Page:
Julie Miller was diagnosed with metastatic ovarian cancer last year, but the most severe pain she feels comes from neither the chemotherapy and its side effects, nor the neuropathy in her feet.
Rather, what has been most difficult for Miller to bear is watching the light go out of the eyes of her usually animated 12-year-old daughter, Lucie, her only child.
But for one day last summer, that light returned, thanks to the work of oncology nurse Rachel Antin and her newly formed foundation, One Day to Remember.
Antin, who currently works at Magee-Womens Hospital in palliative care, established her nonprofit less than a year ago and has already helped four local families, each headed by a terminally ill parent, experience one perfect day where his or her illness is kicked to the curb.
“It’s hard to see the pain in your child’s eyes,” said Miller, “and know that you’re the cause of it.”
“It has been very hard for my daughter,” Miller, 50, continued. “She really has had to grow up this year. She spends a lot of time home by herself, when my husband has to take me to the doctor.”
Miller’s cancer also has taken its toll on her husband, Ron, who works full time in maintenance at a mental health facility.
“He is very quiet and really doesn’t have anyone to talk to,” she said. “Now he does all the work around the house, and because I can’t drive because of the neuropathy in my feet, he has to drive Lucie, who is active in sports, everywhere. I worry a lot about him.”
Those worries were left behind on July 17 when a limousine picked up the Miller family from their home in Monroeville and delivered them to PNC Park in time for batting practice. Ron and Lucie are big Pirates fans, so when a coach gave Lucie a ball, and then she climbed over seats to collect four more, she was ecstatic.
“That just made her day,” Miller said.
Following batting practice, the Millers headed over to Steel Cactus for lunch, then back to the park to watch the Bucs beat the Brewers, further fed with all the concessions they could eat.
They were also followed around all day by a professional photographer who made them feel like celebrities and then created a book of photos to memorialize their special day.
“The best part of the day was seeing the light return to Lucie’s eyes, because she lost part of her personality this year,” Miller said. “I wanted her to have a perfect day.”
Antin, who moved to the Steel City for nursing school and decided to stay after she met and married Pittsburgher Ben Antin, was working at Hillman Cancer Center when she “noticed a void with families going through a cancer diagnosis,” she said.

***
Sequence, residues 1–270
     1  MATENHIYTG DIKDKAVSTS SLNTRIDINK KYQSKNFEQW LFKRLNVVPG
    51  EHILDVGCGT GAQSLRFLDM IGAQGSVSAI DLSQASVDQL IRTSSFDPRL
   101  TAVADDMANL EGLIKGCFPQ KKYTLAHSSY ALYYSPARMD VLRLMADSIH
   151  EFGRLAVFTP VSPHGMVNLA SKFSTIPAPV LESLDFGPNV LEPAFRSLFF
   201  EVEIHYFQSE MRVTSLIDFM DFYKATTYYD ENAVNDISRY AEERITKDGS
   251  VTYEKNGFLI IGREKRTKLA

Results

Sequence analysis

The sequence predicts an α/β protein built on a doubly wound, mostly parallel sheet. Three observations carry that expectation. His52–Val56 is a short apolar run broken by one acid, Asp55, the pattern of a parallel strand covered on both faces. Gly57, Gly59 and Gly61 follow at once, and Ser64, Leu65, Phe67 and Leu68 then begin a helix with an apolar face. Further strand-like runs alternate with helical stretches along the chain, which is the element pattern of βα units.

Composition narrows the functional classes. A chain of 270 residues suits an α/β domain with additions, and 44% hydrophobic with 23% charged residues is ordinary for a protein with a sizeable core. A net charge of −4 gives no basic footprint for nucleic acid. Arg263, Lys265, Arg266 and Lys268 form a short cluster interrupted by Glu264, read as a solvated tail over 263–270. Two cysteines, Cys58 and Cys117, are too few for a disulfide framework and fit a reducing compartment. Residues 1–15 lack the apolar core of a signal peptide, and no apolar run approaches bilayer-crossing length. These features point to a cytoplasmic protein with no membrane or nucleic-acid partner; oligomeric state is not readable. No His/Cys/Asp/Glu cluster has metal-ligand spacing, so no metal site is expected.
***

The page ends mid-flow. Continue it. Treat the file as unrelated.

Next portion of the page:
Watching kids “struggle with how sick their parents got,” Antin was inspired to help.
She began by collecting funds to sponsor Christmas gifts one year for a single mother with a terminal prognosis and her three daughters, “to give them an uplifting feeling.”
For another single mother beginning hospice, Antin arranged a limousine and dinner on Mt. Washington for the woman and her 10-year-old daughter.
Then Antin set out to create a nonprofit that could help more families struggling with a terminal disease.
One Day to Remember has been a 501(c)(3) since last September and is funded by both private donors and a few corporate sponsors.
Antin, who does all the event planning herself, hopes to provide a special day for any family in which a parent has a “limited life expectancy,” is under the care of a physician and has at least one child under the age of 18.
“Every outing is tailored to the family,” Antin said. “I talk to the family about what they haven’t been able to do since their diagnosis.”
Other days to remember that Antin has planned include a horseback riding excursion and a private tour of the Pittsburgh Zoo.
“It provides a day of normalcy, a day of fun,” said Antin, who is a member of Congregation Beth Shalom. “It’s a day when the diagnosis is not the center of the world, and just a breath of fresh air for these people. It just gives them a break.”
While most experiences take three to four weeks to plan, Antin said she can work on an expedited schedule if the progression of the disease makes that necessary.
For the Miller family, the memories of their day at PNC Park will continue to be cherished.
“Cancer is always the elephant in the room,” Miller said. “But for that one day, there was no elephant in the room. We were just a family having fun.” pjc
Toby Tabachnick can be reached at